Janna White
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Is it God, or is it a rock?

April 22, 2010 @ 9:21 AM | Permalink

"I didn't come to India to follow a bunch of rules. I came to experience the culture." -Geoff, fed-up study abroad student




Jagdish and Naveen, locals we‘d become friendly with, offered to take us to their favorite temple a short distance outside of town. Though the temple was only a thirty minute drive away and a few kilometer hike into the hills, that was just far enough, and the path just steep enough, for it to be considered remote. When we arrived, we discovered we had the temple to ourselves. The resident baba wasn’t home; only the groundskeeper was present, and he kept to his hut.


Inside the temple, Neel and I chimed bells while Jagdish and Naveen offered incense and small discs of sugar to the shiv ling (an aniconic representation of the Hindu god Shiva). We passed around a silver plate that held sandalwood powder and rose petals, applying yellow tilaks to our foreheads and tucking the petals behind our ears as prasad. Afterwards Jagdish told us stories of the history of the temple, of various gods and goddesses, and then of his family’s traditions of worship. Before we’d arrived, he had told us that this temple was a peaceful place, where our minds would become relaxed, clean, and free. He invited us to stay inside, sure that we would see for ourselves that what he said was true. “But it all depends on what you believe. If you believe, then this is God. Otherwise, it’s just a rock.”


After a few minutes of sitting in silence, Neel and I emerged to find Jagdish and Naveen wading in a still pool beneath the waterfall next to the temple. At Jagdish’s prompting, we took turns posing for a variety of photos, sitting on the steps of the temple, splashing in the pool, everyone laughing and joking around. After a few minutes Jagdish went back into the temple and we followed. Grinning, he suggested we capture each other pretending to meditate. I looked skeptically towards Neel. In all my time in India, I had never once taken a photo inside a temple. As far as I knew, it was strictly forbidden. But I saw no hesitation in the faces of Jagdish or Naveen, so I shrugged my shoulders and sat down.


As I folded my legs into a half-lotus pose and did my best to look sublime, Jagdish appeared in front of me wielding a rudraksh mala (meditation chain) which he had removed from the gate that separated the inner and outer rooms of the temple. The string was too short for him to retie, so he removed a few of the rudraksh seeds, twisted the ends into a knot, and draped it over my head. After a few photos, encouraged by our laughter, he disappeared again, this time reappearing with the plate that held the sandalwood powder. He dipped his fingers into the powder and overwhelmed my tiny tilak with three wide swipes of yellow across my forehead and a perpendicular streak of red. When I took the camera from Neel so he could have his turn, Jagdish cried, “Wait! First let me apply your makeup.” We grew bolder with every pose. By the end of our photo shoot, the mala and makeup had been joined by Shiv’s trident and the copper snake that encircled the ling. My hair, which had been in a ponytail, had been let down and tussled, to mimic Shiv’s unruly mane. Somehow, this temple of peace had turned into our temple of play.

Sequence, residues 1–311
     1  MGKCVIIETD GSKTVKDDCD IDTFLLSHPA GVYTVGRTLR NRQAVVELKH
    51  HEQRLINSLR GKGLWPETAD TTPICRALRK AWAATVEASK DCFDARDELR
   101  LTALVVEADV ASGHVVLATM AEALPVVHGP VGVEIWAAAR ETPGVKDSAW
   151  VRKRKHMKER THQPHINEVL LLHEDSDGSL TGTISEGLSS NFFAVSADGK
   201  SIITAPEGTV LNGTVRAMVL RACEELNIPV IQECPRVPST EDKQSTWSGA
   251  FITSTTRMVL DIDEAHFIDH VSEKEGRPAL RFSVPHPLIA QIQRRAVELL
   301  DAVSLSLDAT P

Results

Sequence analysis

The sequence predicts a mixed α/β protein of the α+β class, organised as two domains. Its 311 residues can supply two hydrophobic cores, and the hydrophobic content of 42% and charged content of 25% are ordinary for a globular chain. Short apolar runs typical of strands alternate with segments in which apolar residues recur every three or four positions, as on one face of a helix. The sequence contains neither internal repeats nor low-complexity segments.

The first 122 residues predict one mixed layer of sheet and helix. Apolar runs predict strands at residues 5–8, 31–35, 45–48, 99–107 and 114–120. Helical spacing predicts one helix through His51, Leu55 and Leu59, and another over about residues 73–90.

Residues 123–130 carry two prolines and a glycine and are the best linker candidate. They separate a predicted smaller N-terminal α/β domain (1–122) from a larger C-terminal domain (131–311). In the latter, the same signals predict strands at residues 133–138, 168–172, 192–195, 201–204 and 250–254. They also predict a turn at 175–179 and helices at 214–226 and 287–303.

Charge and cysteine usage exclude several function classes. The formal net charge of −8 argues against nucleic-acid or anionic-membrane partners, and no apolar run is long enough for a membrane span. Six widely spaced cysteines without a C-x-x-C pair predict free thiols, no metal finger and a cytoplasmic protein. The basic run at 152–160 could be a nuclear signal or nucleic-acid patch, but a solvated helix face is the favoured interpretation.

I have spent a huge amount of my time in India trying to learn what people are doing, why they’re doing it, and how I can behave accordingly. I cannot imagine a circumstance in which I would have dismantled part of a temple to use in a game of dress-up on my own; but I also can’t imagine Jagdish or Naveen doing it without Neel and I there to join them. They had opened up a space for us to play in, and we had done the same for them. Everyone knew the day was an exception, an anomaly that was no more and no less than a chance to have fun. Jagdish had established himself with his stories, as we all had through our prayer. None of us doubted the others’ faith. Perhaps it wasn’t the case that sandalwood powder was either tilak or makeup, that the ling was either God or a rock. Maybe they could be both. 


After the camera had been put away, Jagdish returned all the accoutrements to their rightful place. Without speaking we each went back into the inner sanctum to offer one last prayer before we left in a seamless reprisal of the way we’d always done things before. I can‘t speak for the others, but as I took Shiv’s darshan and tugged on my ears in apology for any sins or wrongdoings, I had the feeling we hadn’t erred at all.


As we walked back down to the Jeep, I realized how different my perspective was from Geoff’s. Wasn’t it the very fact that we’d followed the rules that had allowed us this brief lapse? (Indeed, hadn‘t we “experienced Indian culture“?) I guess sometimes playing by the rules means playing with them.


Posted on 4/26/2010 by

Rohan Radhakrishna

Rohan Radhakrishna

Your last line is great. I hope you keep writing about all the rules you play with while in India. - Rohan

Posted on 5/03/2010 by

Janna White

Janna White

Rohan: It's a dilemma I seem to negotiate and renegotiate every day. More stories are sure to come! Thanks for reading.

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Congratulations Janna on turning the corner with your Hindi! My Hindi is suffering in Tamil Nadu, where in Chennai you can see the trilingual road signs with Tamil, English, and ...

Your last line is great. I hope you keep writing about all the rules you play with while in India. - Rohan

Rohan Radhakrishna on Is it God, or is it a rock? 2010-04-26

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